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Legendary Late-Night Eats



Article Published: Aug. 30, 2012 | Modified: Aug. 30, 2012
Legendary Late-Night Eats

Darren Ma, right, greets customers at The Hungry Unicorn’s food truck’s opening night Aug. 25.
Photos by Kate Smith



The Hungry Unicorn is not an escaped mythical creature or Lisa Frank cookbook.

It is shock value and vaguely associated to a family name and the newest moveable restaurant to greet downtown Boone.

Blaze Morrell and Darren Ma have received the permits required to park the Hungry Unicorn food truck in the parking lot off South Depot and Howard streets in downtown Boone. The truck will be serving from 9 p.m. until 3 a.m. every Friday and Saturday night.

On its first evening open on Aug. 25, the pale yellow lights of the trailer drew in many curious, giddy and hungry – or fourth meal seeking – customers.

The Hungry Unicorn’s logo of a rearing and unpredictably war-tense, muscled, white unicorn, breathing smoke and raging between two olive branches was painted by area artist Tommy Lee.

In February 2011, Morrell and Ma, both well acquainted with the restaurant business, decided to invest in the small white trailer.

“I love cooking, and Darren loves cooking, and we’ve always wanted to get involved as a small business,” Morrell said. “We figured a food truck would be awesome, and the Hungry Unicorn was born.”

The two claim to have had separate dreams about a unicorn, and Ma translates as “horse” in English.

“It’s different,” Julia Favorov said as she tried the Chinese pork fried rice on Saturday. “Oh, gosh, this is really good.”

Before parking downtown, the Hungry Unicorn set up as a concession stand at festivals like the Cleveland County Fair, Watauga County Farmers’ Market, Cherryville’s Cherry Blossom Festival, and the Boone Harvest Festival.

“It’s a lot different from fairs,” Morrell said. “We’ve already gotten a lot of local support tonight and are expecting to make some regulars.”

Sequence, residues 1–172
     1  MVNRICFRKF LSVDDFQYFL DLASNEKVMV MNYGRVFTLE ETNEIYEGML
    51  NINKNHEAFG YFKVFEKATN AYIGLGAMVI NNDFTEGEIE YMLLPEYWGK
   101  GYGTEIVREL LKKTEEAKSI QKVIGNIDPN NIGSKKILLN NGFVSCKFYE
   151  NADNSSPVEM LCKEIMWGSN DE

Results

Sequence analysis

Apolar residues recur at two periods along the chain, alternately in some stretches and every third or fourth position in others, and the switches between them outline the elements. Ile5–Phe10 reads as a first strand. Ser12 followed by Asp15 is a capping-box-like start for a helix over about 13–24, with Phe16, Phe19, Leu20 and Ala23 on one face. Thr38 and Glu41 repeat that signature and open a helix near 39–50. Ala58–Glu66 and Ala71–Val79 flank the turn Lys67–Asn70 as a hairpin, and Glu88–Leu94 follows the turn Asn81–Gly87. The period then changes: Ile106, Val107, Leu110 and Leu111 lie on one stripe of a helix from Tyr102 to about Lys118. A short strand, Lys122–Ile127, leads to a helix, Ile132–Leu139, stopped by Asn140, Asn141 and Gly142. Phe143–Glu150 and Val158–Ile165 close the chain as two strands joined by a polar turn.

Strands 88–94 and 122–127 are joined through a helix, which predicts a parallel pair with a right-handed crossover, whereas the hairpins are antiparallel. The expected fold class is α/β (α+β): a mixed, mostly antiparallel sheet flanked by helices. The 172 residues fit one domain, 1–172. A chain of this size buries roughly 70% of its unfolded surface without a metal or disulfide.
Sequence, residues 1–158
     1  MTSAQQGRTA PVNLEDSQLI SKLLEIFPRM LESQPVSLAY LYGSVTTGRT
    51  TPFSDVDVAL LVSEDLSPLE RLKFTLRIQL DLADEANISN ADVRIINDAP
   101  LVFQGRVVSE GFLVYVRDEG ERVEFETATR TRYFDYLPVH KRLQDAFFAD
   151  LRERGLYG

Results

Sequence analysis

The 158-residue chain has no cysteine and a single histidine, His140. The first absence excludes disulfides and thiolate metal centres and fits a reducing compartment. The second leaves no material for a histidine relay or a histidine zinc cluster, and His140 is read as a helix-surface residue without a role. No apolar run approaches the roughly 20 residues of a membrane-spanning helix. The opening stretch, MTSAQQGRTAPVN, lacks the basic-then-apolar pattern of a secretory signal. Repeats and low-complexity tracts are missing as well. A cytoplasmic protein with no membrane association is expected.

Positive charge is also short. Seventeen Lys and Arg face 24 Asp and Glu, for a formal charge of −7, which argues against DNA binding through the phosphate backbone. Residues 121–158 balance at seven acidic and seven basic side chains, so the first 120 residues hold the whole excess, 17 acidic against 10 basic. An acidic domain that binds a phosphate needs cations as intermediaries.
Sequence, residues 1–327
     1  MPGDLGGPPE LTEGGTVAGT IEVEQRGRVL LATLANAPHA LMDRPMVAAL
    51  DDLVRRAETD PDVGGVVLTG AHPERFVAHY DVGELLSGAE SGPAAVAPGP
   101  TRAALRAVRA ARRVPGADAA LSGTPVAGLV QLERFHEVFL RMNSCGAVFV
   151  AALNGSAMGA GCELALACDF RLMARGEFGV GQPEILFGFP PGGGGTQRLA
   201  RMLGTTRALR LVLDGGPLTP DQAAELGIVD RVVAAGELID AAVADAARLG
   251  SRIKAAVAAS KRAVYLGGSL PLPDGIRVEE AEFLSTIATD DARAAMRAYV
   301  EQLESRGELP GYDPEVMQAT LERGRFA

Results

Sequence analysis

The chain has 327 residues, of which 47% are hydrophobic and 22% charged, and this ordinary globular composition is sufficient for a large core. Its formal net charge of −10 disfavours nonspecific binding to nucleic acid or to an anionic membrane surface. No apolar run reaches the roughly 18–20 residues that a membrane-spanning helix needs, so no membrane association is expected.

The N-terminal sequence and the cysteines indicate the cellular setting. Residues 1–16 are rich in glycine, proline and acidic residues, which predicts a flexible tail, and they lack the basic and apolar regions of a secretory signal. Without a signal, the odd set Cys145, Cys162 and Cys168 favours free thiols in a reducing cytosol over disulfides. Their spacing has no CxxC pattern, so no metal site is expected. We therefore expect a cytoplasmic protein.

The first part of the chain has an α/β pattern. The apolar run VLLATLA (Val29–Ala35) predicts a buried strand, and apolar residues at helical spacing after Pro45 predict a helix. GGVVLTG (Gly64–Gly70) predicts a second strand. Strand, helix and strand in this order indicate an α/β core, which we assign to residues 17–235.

Asian food is the exclusive cuisine of the food truck, and, “We’ll change the menu with the seasons,” he said.

Both Morrell and Ma were winsome on opening night, laughing with customers, answering the same questions (“Yeah, we live here,” “No, this is our first night”), and urging them to try the “unicorn sauce” or “yum-yum sauce.”

“It’s been trying at times to have our own business,” Morrell said. “But we’re so glad we’ve stuck with it. This is great.”

Currently, their dishes are Chinese pork fried rice, Veggie Love, Beefmaster, Wok Chop and spicy tofu, ranging from $5 to $8 and served in black and white to-go boxes.

Many of the recipes are inherited from Ma’s mother, Thanh Ma.

“We’re working toward the point where we use all local produce,” Morrell said, who currently orders vegetables from New River Organic in Hickory. “We’re open to all possibilities and suggestions.”

Eventually, the duo hopes to rent a small storefront and establish a restaurant.

“It’d be more elaborate, fine food,” Morrell said. “It’s definitely something we’ve been thinking ahead toward, but we’re so excited about where we’re at right now. We want to provide a service that people don’t already have. There’s no reason to go anywhere else.”

For more information, visit the Hungry Unicorn’s page on Facebook.

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